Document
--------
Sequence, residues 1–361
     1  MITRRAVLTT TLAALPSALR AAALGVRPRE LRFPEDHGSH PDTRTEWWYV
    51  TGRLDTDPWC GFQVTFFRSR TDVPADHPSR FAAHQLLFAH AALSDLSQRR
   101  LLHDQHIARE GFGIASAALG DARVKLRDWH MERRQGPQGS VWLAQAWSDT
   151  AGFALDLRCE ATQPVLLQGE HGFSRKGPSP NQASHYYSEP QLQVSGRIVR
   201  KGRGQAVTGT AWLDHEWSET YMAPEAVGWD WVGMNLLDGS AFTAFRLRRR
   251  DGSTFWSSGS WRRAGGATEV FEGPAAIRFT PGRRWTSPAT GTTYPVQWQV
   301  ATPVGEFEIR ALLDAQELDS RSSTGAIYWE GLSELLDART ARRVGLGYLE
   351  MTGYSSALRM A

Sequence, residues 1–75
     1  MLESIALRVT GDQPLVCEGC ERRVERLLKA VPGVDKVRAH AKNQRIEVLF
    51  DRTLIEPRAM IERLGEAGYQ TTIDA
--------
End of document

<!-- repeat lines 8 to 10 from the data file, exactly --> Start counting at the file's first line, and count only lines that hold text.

   301  ATPVGEFEIR ALLDAQELDS RSSTGAIYWE GLSELLDART ARRVGLGYLE
   351  MTGYSSALRM A

Sequence, residues 1–75